0% car finance


0% car finance means the loan is interest-free. Put simply, you only pay back the amount borrowed over an agreed repayment period, plus an initial Deposit.

At face value this may seem an attractive option, but 0% car finance is not without its drawbacks.


What’s the catch?

Eligibility for 0% car finance

To be eligible for 0% car finance, an Excellent Credit Score is essential.

When you apply for a loan, lenders use your credit score to determine your credit worthiness.

A bad credit score suggests you pose a greater risk, so lenders will usually charge a higher Interest Rate as a result.

If your credit score is less than perfect, don’t worry. There’s still a good chance you’ll be eligible for car finance.

You can Check Your Eligibility for free without affecting your credit score.


You could end up paying more

Whilst some no-interest agreements are genuinely a cost-effective option, others can be misleading where the cost of interest is simply added to the cost of the vehicle.

This clever trick is sometimes used by unscrupulous car dealers and can easily mislead you into thinking you’re paying less, when in fact, you’re still repaying more than the value of the car.


Less choice when choosing your car

Dealerships often use 0% finance deals as an incentive to sell older stock quicker and make room for newer models, so in most cases 0% car finance deals are only available on certain models.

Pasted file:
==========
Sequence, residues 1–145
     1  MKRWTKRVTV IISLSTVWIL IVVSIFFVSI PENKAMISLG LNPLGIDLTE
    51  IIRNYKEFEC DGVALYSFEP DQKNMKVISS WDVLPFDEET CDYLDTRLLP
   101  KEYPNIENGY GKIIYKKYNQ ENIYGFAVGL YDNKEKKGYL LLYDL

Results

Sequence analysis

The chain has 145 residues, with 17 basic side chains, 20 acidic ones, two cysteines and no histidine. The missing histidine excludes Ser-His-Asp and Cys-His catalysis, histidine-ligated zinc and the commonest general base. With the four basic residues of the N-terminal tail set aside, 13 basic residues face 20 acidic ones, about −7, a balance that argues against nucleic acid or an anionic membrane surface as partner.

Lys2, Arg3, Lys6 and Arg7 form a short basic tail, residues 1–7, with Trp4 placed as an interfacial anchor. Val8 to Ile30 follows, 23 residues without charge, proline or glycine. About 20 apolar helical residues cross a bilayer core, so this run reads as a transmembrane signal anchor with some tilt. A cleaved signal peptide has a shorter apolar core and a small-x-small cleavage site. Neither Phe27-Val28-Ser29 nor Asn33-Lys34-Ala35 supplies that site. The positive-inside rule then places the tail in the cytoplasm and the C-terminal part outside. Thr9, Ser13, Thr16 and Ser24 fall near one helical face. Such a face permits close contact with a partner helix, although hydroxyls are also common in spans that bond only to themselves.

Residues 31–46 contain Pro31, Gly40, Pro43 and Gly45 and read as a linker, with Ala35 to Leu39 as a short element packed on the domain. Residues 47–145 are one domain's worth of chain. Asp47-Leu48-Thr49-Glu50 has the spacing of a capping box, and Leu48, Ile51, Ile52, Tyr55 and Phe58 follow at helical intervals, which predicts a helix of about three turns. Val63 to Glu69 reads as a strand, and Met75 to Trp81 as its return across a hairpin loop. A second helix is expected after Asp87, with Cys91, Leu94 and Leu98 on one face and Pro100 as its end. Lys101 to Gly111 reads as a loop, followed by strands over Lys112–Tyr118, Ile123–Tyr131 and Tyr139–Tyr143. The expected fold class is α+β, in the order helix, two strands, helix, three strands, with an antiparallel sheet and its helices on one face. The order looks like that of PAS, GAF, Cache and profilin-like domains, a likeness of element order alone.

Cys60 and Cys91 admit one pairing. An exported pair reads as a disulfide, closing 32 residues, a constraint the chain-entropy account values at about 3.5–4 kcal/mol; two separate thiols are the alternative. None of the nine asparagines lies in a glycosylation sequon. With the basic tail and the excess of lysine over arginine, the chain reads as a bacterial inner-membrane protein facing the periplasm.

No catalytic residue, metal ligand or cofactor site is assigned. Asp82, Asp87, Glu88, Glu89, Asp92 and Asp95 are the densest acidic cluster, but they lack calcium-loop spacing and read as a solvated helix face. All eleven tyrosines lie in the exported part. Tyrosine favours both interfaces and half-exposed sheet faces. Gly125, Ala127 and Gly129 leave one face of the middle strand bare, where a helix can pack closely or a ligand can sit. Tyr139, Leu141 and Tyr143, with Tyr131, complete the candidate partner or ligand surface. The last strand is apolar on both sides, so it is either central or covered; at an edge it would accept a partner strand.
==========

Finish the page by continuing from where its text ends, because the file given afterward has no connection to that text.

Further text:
If you’re not picky about the car you want, this may work to your advantage.

But if have your heart set on a specific model, there’s a good chance you’ll have to pay the interest.


A large deposit is usually required

Whilst most car finance deals require a deposit of around 10%, a deposit for an interest-free agreement is often much larger, sometimes as high as 40%.

This can have a big impact on the overall cost of your loan and may even outweigh the benefit of paying 0% interest.


It may only be 'interest-free' for a limited period

When lenders advertise 0% interest deals, the contract may only be interest-free for part of the agreement.

For example, your contract may be interest-free for the first 6 months, but after this period you may be required to pay the full interest until the end of your agreement.

To avoid getting caught out, always take care to read through your SECCI Form carefully before you sign the agreement.

The SECCI form is a legal document that outlines the key details of your finance agreement, and all regulated finance providers are legally required to provide this before you enter an agreement.

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